Jay Cheroske (4) [Avatar] Offline
#1
In the example code, the $ function is used multiple times. Then the template.find() method is used, and it's output is wrapped in the $ function. I thought that the meteor way of doing this was to use the template.$ function instead, which seems clearer and may perform slightly better. Here is my slightly edited code:

   Template.fridge.rendered = function () {
      var templateInstance = this;

      templateInstance.$('#fridge').droppable({
         drop: function (evt, ui) {
            var query = { _id: ui.draggable.data('id') };
            var changes = { $set: { place: 'fridge' } };
            Products.update(query, changes);
         }
      });
   };

   Template.productList.rendered = function () {
      var templateInstance = this;

      templateInstance.$('#supermarket').droppable({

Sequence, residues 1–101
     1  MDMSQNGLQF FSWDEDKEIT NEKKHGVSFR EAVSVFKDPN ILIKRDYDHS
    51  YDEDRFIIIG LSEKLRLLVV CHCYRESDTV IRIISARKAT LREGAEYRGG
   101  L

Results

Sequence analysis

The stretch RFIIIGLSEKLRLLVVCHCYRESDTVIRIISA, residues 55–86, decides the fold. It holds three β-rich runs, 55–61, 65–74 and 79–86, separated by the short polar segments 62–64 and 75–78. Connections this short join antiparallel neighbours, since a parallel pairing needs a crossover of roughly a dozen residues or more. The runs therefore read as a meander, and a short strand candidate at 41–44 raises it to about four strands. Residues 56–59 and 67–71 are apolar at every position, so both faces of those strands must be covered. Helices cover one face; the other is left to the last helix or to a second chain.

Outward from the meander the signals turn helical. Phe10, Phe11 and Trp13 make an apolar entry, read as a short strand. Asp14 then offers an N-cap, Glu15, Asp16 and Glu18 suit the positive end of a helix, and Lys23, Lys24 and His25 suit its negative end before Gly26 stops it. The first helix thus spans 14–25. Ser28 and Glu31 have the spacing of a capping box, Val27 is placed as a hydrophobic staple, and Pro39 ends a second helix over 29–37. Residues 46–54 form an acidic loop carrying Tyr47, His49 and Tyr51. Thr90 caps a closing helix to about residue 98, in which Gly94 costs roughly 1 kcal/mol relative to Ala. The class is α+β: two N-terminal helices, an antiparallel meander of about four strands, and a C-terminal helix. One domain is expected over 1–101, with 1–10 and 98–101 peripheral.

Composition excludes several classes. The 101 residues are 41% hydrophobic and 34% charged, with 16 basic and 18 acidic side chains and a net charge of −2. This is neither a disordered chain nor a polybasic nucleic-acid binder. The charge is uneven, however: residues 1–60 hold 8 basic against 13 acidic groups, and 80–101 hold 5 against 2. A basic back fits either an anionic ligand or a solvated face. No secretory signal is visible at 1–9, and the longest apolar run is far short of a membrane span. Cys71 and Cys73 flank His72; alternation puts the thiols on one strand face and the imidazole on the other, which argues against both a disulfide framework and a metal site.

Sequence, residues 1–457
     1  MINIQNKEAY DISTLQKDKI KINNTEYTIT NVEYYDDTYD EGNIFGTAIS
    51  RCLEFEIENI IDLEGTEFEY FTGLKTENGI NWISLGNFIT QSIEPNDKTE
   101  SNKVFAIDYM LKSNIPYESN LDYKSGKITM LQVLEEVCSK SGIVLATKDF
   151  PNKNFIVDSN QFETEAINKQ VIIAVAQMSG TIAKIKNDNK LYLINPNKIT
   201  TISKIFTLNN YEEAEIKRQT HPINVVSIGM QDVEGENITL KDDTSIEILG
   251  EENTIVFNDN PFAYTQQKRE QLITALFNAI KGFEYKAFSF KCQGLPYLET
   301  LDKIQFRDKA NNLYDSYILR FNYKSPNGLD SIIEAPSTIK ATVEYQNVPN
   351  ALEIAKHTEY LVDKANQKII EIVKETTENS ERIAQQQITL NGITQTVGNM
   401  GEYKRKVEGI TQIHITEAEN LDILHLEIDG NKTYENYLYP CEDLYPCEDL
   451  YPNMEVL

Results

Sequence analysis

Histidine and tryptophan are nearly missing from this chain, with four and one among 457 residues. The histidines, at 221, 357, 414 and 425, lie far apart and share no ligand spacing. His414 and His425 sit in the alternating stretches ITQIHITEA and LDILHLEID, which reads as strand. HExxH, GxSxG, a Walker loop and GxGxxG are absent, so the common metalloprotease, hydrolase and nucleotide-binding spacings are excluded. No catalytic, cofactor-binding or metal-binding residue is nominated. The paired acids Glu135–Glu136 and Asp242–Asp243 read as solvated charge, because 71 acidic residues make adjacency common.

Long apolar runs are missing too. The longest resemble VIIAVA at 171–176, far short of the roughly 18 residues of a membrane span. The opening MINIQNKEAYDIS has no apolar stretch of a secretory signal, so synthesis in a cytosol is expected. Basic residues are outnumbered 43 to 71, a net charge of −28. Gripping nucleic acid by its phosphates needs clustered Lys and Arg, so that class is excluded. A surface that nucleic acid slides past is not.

drop: function (evt, ui) {
            var query = { _id: ui.draggable.data('id') };
            var changes = { $set: { place: 'supermarket' } };
            Products.update(query, changes);
         }
      });
   };

   Template.productListItem.rendered = function () {
      var templateInstance = this;

      templateInstance.$('.draggable').draggable({
         cursor: 'move',
         helper: 'clone'
      });
   };
stephan.hochhaus (92) [Avatar] Offline
#2
Thanks - I am not sure about the performance aspect, but certainly when we originally wrote the code
Template.instance
wasn't around.

We will revisit all source code shortly and make sure to take advantage of the latest features of Meteor. In the meantime we are more than thankful for these kinds of reports. I think it indeed helps to make the code more approachable and show the Meteor way.
Jay Cheroske (4) [Avatar] Offline
#3
And, just to be clear, in the 'rendered' callback, the template instance is available as 'this'. I simply assigned it to a another variable to make the code more self documenting.
stephan.hochhaus (92) [Avatar] Offline
#4
You are right - I mixed things up.